Prejudice, paradox and possibility : nursing people from cultures other than one's own : a thesis presented in fulfilment of the requirements for the degree of Doctor of Philosophy, School of Health Sciences, Massey University, New Zealand
This study explores the experience of nursing a person, or people, from cultures other than the nurse’s own. Informed by the tradition of philosophical hermeneutics, and drawing specifically on some of the notions articulated by Hans-Georg Gadamer and Charles Taylor, it seeks to understand everyday nursing practices within their cultural and historical context. Against a background of Maori resurgence, nurses have been challenged in Aotearoa-New Zealand to recognise and address racism in their practice. Meeting the health needs of all people has long been important in nursing yet the curricular changes implemented in the early 1990s to enhance nursing’s contribution to a more equitable health service created uncertainty and tension both within nursing, and between nursing and the wider community. In this study, I have interpreted the experiences of seventeen nurses practising in an increasingly ethnically diverse region. Personal understandings and those from relevant literature have been used to illuminate further the nature of cross-cultural experience from a nurse’s perspective.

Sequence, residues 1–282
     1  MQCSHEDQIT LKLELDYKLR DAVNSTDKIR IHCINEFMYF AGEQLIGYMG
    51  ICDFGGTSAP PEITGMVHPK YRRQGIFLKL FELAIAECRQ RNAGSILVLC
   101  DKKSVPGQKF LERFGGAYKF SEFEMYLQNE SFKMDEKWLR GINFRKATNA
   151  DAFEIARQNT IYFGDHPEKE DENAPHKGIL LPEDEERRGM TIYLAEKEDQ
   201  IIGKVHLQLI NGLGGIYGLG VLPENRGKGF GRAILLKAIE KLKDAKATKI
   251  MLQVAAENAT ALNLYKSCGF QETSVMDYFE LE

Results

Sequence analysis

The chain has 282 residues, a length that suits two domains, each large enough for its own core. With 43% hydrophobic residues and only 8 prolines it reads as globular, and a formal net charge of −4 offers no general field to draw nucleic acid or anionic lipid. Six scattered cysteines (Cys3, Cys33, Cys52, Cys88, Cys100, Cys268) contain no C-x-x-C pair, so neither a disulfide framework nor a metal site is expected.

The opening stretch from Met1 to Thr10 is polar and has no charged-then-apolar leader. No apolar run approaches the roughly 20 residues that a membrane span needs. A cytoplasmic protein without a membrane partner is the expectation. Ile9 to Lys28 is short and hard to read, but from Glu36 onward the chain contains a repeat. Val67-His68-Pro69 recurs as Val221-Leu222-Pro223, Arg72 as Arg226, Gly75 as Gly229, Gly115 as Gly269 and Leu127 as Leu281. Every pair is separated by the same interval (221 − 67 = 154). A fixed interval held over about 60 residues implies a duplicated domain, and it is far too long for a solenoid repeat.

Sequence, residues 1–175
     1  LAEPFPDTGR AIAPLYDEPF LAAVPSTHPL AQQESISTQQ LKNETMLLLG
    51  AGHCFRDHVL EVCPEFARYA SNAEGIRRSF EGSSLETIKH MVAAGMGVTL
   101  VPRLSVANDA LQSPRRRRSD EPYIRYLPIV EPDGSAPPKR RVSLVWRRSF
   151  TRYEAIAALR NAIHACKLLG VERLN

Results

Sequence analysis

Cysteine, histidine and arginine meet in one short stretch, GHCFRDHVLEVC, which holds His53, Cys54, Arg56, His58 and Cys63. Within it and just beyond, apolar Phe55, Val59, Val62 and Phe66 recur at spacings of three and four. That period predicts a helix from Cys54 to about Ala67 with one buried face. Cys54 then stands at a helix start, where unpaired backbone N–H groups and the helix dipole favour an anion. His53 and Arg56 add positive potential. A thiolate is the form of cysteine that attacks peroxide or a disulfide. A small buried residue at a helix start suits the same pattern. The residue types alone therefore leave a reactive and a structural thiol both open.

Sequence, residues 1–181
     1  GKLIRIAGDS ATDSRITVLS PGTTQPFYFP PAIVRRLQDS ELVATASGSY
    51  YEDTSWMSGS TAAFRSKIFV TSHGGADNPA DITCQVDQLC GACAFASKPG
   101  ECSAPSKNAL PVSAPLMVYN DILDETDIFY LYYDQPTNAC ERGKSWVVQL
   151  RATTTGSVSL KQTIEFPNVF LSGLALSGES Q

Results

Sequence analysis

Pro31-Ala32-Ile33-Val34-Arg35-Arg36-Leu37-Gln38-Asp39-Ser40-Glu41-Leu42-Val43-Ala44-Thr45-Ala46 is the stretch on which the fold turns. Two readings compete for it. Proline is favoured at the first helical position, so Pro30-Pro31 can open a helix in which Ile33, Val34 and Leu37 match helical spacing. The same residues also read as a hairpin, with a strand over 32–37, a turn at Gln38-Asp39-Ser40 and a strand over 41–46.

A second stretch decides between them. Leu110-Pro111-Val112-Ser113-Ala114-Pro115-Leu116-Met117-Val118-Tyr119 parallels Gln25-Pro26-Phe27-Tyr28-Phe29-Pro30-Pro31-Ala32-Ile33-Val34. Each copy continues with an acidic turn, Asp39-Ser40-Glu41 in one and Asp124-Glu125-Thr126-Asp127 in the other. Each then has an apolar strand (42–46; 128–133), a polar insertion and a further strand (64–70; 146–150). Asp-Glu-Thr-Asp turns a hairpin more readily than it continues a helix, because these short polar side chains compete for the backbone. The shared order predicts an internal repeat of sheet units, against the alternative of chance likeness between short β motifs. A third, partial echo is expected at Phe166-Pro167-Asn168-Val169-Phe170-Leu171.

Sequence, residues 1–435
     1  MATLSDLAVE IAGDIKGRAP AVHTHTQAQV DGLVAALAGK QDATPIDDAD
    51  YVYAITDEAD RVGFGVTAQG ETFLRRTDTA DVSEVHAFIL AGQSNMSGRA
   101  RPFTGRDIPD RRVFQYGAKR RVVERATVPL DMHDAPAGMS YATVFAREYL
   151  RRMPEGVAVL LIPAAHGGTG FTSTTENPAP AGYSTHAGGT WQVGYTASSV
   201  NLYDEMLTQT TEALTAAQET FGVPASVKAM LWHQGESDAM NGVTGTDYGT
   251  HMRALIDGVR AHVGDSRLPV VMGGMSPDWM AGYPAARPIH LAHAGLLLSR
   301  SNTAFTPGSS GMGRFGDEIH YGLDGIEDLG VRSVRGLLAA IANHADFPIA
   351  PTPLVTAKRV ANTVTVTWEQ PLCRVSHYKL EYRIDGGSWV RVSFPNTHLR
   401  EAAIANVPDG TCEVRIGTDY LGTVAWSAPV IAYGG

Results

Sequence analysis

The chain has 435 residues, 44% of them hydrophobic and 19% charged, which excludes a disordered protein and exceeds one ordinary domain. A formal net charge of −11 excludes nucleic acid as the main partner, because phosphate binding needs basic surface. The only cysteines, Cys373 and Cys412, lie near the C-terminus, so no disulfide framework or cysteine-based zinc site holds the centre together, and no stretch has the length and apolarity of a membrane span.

The thesis asserts that the notions of prejudice, paradox and possibility can be used to describe the experience of nursing a person from another culture. Prejudice refers to the prior understandings that influence nursing action in both a positive and a negative sense. Paradox relates to the coexistence and necessary interplay of contradictory meanings and positions, while possibility points to the potential for new understandings to surface from the fusion of past with present, and between different interpretations. As New Zealand nurses negotiate the conflicts essential for ongoing development of their practice, the play of prejudice, paradox and possibility is evident at intra-personal and interpersonal levels as well as in relation to professional and other social discourses. This thesis challenges nurses to persist in working with the tensions inherent in cross-cultural practice. It encourages continuation of their efforts to understand and move beyond the prejudices that otherwise preclude the exploration of new possibilities.